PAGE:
This is part of a series on unpublished Warhammer supplements. The first post in the series can be read here.
When Hogshead reprinted the Enemy Within campaign, James Wallis proposed replacing Empire in Flames with a new finale, Empire in Chaos. Empire in Chaos was sadly never published. Wallis has stated that the draft adventure was lost in a computer failure.
The story of the draft manuscript for Empire in Chaos: in the early 2000s I was working for 3Com (Hogshead had full-time employees; though I ran the company I wasn’t one of them), with a ridiculous commute. Did a lot of personal writing on my work laptop because what kind of idiot takes two laptops to work, right? Then the new CEO shut down our division, so I saved all my personal stuff into a zip file, emailed it to myself, and returned the laptop to the IT division. Then I went home, tried to open the zip file, and discovered it was corrupt.
– James Wallis, comment on Awesome Lies
All that is known of the draft comes from two emails from Wallis.
Warning. Spoilers for the Enemy Within campaign.
The first email contains a brief outline of the adventure:
The PCs return. A civil war is brewing; much tension between the north and the south, some of it stirred by the Sons of Ulric. The Graf’s daughter is to be married to the Emperor’s son in a political union symbolising the bond between the two halves of the country. PCs escort Graf and daughter to Altdorf; collect clues on way.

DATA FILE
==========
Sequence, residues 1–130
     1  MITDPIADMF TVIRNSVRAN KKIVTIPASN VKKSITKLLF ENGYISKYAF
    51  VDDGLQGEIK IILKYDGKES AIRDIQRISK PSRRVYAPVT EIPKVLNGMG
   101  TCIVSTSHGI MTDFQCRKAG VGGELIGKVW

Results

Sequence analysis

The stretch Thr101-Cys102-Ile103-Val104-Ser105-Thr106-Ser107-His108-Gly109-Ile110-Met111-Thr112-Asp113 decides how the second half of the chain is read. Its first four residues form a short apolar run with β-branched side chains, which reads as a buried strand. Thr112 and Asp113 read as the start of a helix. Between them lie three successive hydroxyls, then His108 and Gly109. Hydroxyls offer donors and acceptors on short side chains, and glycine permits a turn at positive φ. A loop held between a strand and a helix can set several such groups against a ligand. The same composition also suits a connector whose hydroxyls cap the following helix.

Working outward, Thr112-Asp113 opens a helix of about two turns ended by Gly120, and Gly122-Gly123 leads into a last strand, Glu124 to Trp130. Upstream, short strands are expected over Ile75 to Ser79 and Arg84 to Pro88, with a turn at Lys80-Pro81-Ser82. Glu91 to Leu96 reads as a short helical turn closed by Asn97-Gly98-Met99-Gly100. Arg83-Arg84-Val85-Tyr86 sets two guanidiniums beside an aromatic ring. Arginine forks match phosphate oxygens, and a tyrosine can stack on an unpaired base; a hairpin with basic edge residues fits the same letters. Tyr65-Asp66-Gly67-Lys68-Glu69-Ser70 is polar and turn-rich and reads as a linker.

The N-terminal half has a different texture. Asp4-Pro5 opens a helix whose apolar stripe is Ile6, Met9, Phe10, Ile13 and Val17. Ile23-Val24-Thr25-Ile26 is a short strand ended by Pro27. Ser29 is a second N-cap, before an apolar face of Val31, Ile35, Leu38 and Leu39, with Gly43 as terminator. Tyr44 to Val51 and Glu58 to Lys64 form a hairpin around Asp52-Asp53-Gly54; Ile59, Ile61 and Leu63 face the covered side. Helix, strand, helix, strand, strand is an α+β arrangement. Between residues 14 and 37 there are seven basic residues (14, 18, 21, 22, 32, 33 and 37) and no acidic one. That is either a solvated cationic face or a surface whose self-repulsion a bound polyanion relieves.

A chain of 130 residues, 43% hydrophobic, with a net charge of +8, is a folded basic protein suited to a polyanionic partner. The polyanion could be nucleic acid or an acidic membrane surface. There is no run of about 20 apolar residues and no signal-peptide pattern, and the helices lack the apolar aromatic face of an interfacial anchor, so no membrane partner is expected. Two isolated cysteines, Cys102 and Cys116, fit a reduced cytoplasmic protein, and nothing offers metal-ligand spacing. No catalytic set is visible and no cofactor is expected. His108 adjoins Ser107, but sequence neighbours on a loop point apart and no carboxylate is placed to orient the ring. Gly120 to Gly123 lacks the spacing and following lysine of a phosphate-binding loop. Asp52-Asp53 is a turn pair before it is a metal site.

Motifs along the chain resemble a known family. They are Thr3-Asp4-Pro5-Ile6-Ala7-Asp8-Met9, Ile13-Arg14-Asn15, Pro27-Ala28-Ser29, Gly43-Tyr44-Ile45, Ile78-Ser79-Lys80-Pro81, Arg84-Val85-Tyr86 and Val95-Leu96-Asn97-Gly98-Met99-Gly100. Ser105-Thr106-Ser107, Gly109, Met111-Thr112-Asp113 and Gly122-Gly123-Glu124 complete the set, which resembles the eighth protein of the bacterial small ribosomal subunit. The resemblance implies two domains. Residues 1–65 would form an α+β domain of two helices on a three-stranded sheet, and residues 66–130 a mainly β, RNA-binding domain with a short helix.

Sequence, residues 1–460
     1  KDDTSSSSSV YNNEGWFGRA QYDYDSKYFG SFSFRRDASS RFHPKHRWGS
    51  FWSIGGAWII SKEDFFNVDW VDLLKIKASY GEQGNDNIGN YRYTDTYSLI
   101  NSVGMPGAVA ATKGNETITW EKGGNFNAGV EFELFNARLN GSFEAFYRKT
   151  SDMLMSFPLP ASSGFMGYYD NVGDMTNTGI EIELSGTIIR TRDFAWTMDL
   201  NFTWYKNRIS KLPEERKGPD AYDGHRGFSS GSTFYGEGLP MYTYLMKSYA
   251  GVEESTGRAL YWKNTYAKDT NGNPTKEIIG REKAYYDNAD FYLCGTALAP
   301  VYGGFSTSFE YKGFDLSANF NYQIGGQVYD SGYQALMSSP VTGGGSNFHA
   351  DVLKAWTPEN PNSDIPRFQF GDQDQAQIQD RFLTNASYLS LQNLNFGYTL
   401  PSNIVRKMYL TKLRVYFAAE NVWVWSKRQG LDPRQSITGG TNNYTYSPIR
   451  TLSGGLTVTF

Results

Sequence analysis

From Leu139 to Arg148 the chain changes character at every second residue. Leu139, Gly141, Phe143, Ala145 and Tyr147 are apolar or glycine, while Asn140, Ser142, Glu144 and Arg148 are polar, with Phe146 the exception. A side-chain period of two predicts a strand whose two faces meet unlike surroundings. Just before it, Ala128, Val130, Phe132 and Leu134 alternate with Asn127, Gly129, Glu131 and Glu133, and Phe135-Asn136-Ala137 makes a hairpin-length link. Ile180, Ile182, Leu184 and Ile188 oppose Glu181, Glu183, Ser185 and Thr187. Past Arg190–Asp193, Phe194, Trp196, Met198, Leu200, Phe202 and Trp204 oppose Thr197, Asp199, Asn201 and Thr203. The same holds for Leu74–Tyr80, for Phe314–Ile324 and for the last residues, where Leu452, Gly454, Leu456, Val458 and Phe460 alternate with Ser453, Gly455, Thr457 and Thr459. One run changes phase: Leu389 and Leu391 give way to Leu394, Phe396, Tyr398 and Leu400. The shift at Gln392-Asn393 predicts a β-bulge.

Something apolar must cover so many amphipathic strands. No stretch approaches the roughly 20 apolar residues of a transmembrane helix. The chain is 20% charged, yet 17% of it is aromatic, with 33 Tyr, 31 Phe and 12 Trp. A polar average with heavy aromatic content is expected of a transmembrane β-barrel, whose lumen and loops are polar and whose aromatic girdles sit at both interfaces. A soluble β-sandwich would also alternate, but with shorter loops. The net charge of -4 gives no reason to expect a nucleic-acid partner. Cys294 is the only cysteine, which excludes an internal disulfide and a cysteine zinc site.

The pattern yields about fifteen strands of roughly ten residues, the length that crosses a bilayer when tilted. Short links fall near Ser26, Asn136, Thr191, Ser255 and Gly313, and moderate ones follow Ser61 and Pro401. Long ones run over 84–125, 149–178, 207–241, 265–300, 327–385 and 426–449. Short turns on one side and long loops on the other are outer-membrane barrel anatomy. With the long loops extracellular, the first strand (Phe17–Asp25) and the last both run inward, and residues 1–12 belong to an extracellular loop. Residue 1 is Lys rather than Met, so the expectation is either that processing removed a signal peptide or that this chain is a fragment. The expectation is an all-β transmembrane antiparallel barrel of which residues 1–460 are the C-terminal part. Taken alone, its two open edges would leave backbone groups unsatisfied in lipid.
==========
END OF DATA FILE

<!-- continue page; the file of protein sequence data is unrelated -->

In Altdorf, integrate in court. Attempted assassination of the Emperor, which the PCs learn by devious means was actually successful (Karl-Franz is dead) though the word is deliberately being kept back because of fear of starting the war. PCs discover there is another, more clandestine war being fought in Altdorf between the Purple Hand and the Red Crown, both of whom are scheming something bad. This includes all the Kastor Lieberung look-alike stuff, the details of which were very cunning indeed and which I have forgotten. Lieberung does not look like the Emperor, but someone else does. Marriage gets disrupted by what appears to be Northerner guerrilla activity, but in fact is something else (the PCs can discover this). The civil war kicks off.
PCs are likely at some time to call in their favour from the Grand Theogonist, because they’re having problems with making progress at court. He hands them off to one of his advisors, who is sweetness and light. This is because he’s a cultist, and he’s manipulating them.